Kerry Rejects 'Premature Judgment About the Failure of Everything' in Obama's Foreign Policy

"But what was the plan to not have that happen, Senator? I didn't notice Congress racing to the barriers saying, 'We're going to, you know, we're going to do something,'" Kerry sniped. "…And guess what, Senator? We came up with a better solution -- to get all of [the chemical weapons] out by working through the diplomatic channel with Russia."

Sen. Ben Cardin (D-Md.), noting that 10,000 children have already died in Syria, stressed, "I still don't see a game plan to bring to justice those who have targeted innocent civilians for horrible outcomes, including the use of chemical weapons."

"Couldn't agree with you more, Senator, and all of those incidents are being chronicled and completely packaged, in a sense ready for that prosecution," Kerry responded.

Sen. John McCain (R-Ariz.) told Kerry he was "about to hit the trifecta."

"Geneva II was a total collapse as I predicted to you that it would be. The only tangible result is that people who went to Geneva for the Free Syrian National Council, their relatives were kidnapped," he said of the administration's attempts to hold talks between Bashar Assad's regime and the opposition. "The Israeli-Palestinian talks, even though you may drag them out for a while, are finished. And I predict to you, even though we gave the Iranians the right to enrich, which is unbelievable, that those talks will collapse too."

"…On the issue of Ukraine, my hero, Teddy Roosevelt, used to say talk softly, but carry a big stick. What you're doing is talking strongly and carrying a very small stick -- in fact, a twig."

Kerry took issue with McCain's "premature judgment about the failure of everything."

"I guess it's pretty easy to lob those judgments around, but particularly well before the verdict is in on any of them," the secretary of State added. "…You know, the talks on Vietnam -- you know this better than anybody -- went on for how many years? Years. It took them a year to design the table to sit around."

McCain reminded Kerry that "facts are stubborn things, as Ronald Reagan used to say: Geneva 1, there are 50,000 dead. Geneva II, there was 100 and some thousand dead in Syria. Now there's 150,000 dead."

"And your view of what the Ukrainians need is vastly different from what the Ukrainians think they need, which is a sovereign right to try to defend themselves, which is something that we have done historically, helping people who are struggling against overwhelming odds," McCain added.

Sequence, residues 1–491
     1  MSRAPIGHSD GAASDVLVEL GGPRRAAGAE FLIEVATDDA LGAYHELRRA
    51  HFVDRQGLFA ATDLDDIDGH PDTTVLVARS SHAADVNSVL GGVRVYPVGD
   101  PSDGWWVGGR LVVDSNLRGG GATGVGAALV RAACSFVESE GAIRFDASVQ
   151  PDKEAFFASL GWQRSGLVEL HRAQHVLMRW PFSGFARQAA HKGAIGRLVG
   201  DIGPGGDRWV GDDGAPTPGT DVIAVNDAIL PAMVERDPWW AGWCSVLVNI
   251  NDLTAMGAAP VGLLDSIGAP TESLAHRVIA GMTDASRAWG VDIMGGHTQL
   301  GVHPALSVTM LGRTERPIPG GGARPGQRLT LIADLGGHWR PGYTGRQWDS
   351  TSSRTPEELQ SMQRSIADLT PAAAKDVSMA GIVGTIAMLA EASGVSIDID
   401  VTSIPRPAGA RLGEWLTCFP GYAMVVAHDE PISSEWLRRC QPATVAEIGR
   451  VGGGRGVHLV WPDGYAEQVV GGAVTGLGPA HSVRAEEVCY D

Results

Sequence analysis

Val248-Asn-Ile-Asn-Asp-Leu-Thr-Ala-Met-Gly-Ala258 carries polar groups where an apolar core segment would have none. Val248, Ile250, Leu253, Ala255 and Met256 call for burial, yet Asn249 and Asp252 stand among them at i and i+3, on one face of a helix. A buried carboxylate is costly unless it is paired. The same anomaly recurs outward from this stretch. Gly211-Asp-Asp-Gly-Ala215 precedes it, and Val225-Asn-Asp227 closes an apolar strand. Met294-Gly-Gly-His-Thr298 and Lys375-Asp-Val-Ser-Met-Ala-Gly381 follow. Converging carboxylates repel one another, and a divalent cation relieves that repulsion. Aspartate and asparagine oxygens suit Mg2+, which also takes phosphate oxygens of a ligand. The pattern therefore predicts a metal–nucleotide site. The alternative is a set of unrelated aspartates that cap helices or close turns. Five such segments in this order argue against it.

Kerry lit up with enthusiasm when his successor in the upper chamber, Sen. Ed Markey (D-Mass.), asked about progress on combatting climate change.

"We're moving beyond them at a pace that shows us bringing more coal-fired power plants online, more methane being released, which is 20 times more potent than carbon, which is the consequence of the warming that's already taking place," he said."…If the other guys are wrong, the people saying 'don't listen to it, what's the worst that can happen?' The worst that can happen is life as you know it on Earth is over."

But even when the dais was mostly empty at the end of the hearing, Menendez and Corker weren't letting Kerry go without parting words on the critical foreign policy issues being juggled by the White House.

"We have created an era of permissiveness; there's no question. And I don't think -- I don't see how you can debate that. I mean that scholars on both sides of the aisle understand that to be the fact, and facts are hard to overcome," Corker said. "…The steps that we took in Syria have affected us in Iran. They've affected us in the peninsula. They've affected us in Ukraine. China is watching us. It's affected us there."

Kerry argued that the administration is getting a bad rap over the red line.

"On Syria, where we hear this notion that somehow there was a red line and then it wasn't enforced, and somehow, you know, it's a sign of weakness. I beg to differ. You know, facts are stubborn things," Kerry said. "…The president made his decision and he was ready to use force, and we actually came up with a better solution, which is get all of the weapons out, all of them out, and that still leaves us with other options, folks."